How did the book address this?
-I think these quotes from the book really get to the heart of the message: "Perfectionism is, at its core, about trying to earn approval and acceptance.... Healthy striving is self-focused--How can I improve? Perfectionism is other-focused--What will they think?... Perfectionism is addictive because when we invariably do experience shame, judgment, and blame, we often believe it's because we weren't perfect enough. So rather than questioning the faulty logic of perfectionism, we become even more entrenched in our quest to live, look, and do everything just right." Brown, Brene (2010-09-20). The Gifts of Imperfection (p. 56-57). Hazelden. Kindle Edition.
-What I got from this is that perfectionism tricks us into thinking we have it all: we can feel connected and invulnerable and in control. BUT, it is ultimately unsatisfying because it #1) it is a lie. We aren't in control or invulnerable, or perfect. And #2) it requires us to change who we are -- and the connection we most desire is a connection based on being truly known by another person. So in order to feel connected AND known, we have to accept the reality that we are imperfect, and we are vulnerable, and we are not in control.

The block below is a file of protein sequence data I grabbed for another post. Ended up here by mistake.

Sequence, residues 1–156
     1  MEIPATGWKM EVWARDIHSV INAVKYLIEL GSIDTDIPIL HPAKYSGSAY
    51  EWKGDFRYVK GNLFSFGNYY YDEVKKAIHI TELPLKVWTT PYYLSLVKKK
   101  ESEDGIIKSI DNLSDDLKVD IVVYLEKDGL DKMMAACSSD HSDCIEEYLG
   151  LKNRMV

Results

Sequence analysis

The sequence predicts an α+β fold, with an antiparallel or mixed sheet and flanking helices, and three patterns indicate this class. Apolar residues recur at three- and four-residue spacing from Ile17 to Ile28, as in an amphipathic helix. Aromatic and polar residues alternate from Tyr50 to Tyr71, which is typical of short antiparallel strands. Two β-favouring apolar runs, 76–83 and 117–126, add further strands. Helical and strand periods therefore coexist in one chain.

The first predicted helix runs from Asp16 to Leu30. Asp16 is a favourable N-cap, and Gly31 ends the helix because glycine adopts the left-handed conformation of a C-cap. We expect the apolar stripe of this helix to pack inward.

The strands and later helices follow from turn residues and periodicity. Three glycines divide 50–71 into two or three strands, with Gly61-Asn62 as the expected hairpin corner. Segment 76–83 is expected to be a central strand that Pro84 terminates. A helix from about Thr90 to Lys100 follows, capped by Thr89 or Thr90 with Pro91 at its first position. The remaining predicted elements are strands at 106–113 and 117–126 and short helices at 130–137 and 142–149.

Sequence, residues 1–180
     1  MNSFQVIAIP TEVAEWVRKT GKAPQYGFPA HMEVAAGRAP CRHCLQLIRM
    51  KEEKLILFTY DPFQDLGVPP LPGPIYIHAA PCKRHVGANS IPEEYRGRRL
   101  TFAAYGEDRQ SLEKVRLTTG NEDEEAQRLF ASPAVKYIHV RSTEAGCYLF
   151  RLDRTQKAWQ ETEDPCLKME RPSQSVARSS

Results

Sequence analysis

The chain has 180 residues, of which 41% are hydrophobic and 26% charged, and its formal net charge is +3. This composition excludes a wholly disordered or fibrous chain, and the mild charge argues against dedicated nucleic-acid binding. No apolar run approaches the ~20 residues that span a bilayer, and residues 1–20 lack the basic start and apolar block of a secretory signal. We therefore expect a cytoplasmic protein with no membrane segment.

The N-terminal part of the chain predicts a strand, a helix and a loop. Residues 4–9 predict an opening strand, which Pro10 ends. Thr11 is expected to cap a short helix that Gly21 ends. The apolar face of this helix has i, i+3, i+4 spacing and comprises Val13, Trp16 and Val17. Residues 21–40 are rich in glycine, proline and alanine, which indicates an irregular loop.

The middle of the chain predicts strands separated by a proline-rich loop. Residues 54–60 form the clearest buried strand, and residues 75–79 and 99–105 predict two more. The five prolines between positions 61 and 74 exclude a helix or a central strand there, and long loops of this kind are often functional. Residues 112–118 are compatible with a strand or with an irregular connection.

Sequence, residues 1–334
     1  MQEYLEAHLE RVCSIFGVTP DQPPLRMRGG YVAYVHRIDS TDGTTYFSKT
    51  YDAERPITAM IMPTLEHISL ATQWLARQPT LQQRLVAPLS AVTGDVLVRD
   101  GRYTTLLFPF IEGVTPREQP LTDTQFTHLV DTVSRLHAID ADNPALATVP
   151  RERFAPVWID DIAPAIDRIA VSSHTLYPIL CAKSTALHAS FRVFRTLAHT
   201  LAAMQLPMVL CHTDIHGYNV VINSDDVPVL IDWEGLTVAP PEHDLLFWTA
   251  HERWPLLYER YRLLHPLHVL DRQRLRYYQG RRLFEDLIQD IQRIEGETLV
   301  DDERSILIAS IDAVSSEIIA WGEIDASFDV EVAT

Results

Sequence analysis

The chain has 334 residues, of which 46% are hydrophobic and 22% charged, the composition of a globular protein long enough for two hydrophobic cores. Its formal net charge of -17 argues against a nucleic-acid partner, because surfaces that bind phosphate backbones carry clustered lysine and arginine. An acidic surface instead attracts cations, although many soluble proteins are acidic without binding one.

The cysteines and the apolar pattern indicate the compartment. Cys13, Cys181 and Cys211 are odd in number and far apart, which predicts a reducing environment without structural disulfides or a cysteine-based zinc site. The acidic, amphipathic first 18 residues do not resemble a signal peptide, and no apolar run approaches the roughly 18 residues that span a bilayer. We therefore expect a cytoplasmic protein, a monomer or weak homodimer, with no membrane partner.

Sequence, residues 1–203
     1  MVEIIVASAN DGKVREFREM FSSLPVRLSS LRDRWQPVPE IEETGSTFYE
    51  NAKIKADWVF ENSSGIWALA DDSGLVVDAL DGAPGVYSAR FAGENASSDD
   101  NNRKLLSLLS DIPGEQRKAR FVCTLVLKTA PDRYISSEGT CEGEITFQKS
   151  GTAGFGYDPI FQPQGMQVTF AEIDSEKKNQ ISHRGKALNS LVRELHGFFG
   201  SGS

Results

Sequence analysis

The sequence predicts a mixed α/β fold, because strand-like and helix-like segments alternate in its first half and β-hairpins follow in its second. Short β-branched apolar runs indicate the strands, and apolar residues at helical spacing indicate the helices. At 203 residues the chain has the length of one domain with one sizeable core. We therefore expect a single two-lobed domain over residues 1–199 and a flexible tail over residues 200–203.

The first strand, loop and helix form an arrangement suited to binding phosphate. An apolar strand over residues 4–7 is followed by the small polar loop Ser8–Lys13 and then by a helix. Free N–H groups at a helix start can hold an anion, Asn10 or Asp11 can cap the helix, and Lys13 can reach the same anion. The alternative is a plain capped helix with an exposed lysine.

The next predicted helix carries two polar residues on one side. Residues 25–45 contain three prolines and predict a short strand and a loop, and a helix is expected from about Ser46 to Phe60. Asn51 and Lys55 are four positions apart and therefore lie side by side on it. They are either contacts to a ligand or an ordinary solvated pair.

-And while connection is obviously a huge source of joy, Brene also talks about the other kinds of joy that perfectionism halts in its tracks: meaningful work, enjoyable hobbies, creative endeavors, etc. Again, because perfectionism tries to give us a sense of control, and thereby tries to prevent the possibility of loss, we often don't even try to have joyful things, or we deny the level of joy something is giving us in order to feel less hurt when it leaves.